After analyzing your website and figure out what end results you want (aka conversions), it is time to set up goals on your analytics tool. There are many different tools such as Google Analytics, Yahoo Analytics, Omniture, etc., but they should all allow for you to set up goals. For e-commerce sites, you’re end goal is to sell product so set up goal that gets counted every time a user checkouts and buys some product (you can even go and create values for the goals and products, allowing you to really see how much income is being created). For the non e-commerce conversions, such as contacting you or signing up for a newsletter, create thank you pages and set up goals to track when users do either of those and land on the specific thank you page (after some time you can start analyzing how many of those conversions have lead to sales and calculate an estimated value for each goal).
Once you have these goals set up and running, you can begin segmenting your data with the analytics software in order to see which social media sources had the highest goal conversion rates (and if available, the goal value per visit from that social network).
*Side note: ROI is return on investment so it would also be beneficial to compare and analyze the income that you believe social media has accounted for with the money and time invested on your social media efforts.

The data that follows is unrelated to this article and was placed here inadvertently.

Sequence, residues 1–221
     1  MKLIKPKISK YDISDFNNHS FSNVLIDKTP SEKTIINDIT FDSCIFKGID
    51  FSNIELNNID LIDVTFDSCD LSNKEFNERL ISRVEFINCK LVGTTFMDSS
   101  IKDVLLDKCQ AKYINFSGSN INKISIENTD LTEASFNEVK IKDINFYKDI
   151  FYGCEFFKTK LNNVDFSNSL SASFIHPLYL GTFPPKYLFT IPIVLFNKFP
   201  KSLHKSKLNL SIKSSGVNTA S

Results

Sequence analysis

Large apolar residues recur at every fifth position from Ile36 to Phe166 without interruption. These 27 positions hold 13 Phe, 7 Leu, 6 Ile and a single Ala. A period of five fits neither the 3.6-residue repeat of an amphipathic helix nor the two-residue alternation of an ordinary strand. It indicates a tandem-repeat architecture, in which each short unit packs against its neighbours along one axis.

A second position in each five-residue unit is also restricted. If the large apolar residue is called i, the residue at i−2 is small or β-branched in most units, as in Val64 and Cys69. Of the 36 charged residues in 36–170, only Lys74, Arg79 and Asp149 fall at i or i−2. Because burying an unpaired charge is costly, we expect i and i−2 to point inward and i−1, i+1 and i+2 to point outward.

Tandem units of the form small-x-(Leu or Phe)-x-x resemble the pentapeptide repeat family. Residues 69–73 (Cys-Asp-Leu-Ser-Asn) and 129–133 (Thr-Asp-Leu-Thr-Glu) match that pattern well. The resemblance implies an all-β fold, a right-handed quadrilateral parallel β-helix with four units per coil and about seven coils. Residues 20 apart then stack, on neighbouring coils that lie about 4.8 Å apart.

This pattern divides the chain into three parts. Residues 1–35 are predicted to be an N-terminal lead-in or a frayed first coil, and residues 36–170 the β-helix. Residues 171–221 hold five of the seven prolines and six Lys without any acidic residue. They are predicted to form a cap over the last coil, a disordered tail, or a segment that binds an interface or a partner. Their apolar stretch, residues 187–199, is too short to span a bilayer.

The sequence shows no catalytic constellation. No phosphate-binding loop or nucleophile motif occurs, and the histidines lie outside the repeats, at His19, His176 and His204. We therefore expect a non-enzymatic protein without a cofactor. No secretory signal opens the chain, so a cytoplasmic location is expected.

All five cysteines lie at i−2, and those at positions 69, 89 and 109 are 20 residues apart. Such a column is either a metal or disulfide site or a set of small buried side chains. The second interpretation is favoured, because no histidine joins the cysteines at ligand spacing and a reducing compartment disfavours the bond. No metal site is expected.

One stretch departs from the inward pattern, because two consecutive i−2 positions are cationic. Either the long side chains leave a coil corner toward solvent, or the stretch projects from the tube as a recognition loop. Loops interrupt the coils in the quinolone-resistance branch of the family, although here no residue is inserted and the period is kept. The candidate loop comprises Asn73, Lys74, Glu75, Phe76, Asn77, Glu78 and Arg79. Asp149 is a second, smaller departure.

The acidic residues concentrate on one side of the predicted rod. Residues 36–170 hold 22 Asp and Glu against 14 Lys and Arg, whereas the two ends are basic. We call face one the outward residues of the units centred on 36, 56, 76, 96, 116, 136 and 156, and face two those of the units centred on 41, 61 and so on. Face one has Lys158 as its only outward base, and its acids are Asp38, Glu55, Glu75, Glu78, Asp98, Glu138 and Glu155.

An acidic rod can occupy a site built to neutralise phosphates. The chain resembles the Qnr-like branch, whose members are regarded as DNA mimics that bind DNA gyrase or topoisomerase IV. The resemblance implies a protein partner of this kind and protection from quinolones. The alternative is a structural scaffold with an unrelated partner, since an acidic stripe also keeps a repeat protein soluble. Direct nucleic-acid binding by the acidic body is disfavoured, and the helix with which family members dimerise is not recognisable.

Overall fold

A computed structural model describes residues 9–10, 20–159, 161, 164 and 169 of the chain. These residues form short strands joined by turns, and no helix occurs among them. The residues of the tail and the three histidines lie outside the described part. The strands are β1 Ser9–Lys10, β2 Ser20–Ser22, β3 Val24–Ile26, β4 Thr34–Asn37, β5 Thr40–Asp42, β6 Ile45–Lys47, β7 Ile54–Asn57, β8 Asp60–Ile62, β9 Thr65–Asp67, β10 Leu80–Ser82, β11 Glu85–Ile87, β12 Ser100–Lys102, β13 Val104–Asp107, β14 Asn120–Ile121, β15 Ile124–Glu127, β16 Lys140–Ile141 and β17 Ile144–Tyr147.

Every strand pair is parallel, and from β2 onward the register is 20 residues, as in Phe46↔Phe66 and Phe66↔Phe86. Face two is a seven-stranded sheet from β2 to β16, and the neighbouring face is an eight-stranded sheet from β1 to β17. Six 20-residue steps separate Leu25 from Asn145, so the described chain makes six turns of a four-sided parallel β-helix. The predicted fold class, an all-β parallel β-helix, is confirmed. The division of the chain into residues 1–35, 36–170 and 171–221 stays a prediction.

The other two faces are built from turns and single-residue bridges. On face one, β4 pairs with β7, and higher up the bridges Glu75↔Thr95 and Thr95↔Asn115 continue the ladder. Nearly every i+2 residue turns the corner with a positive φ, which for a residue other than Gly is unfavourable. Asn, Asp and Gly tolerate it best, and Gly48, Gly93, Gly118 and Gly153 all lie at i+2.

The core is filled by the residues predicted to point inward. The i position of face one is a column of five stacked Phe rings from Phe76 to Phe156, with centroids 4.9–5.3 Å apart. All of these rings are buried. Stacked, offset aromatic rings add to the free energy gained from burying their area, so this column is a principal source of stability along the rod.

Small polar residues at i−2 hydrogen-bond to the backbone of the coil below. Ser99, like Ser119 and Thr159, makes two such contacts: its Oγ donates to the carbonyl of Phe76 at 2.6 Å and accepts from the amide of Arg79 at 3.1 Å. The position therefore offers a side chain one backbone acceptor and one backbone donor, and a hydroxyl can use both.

I also like to note down the number of new leads and total revenue per month and analyze the trends for these values. Discover when and where you were bringing in the most leads and income. You should also document, when you are not bringing in leads and income. Compare this to your social media metrics for those same time periods. For example, let’s say you have a huge jump in monthly income in October and you look at your social media metrics and notice that your engagement rates for Facebook were at a high point, it’s a no brainer, start to analyze those metrics! See what you were doing and what type of content you were sharing during that time period on Facebook. It could be that you were running a campaign that worked wonders for your organization!
If you put your thinking caps on, you can discover your social media performance, as well as the best tactics for your organization. This process is by no means an easy one. It will take time, and you may even have to discover other efficient ways to calculate financial ROI. So I ask that you please share with our readers through the comment section! We also understand that these concepts are sometimes confusing so feel free to leave us questions or contact us if you would like us to explain something in more detail.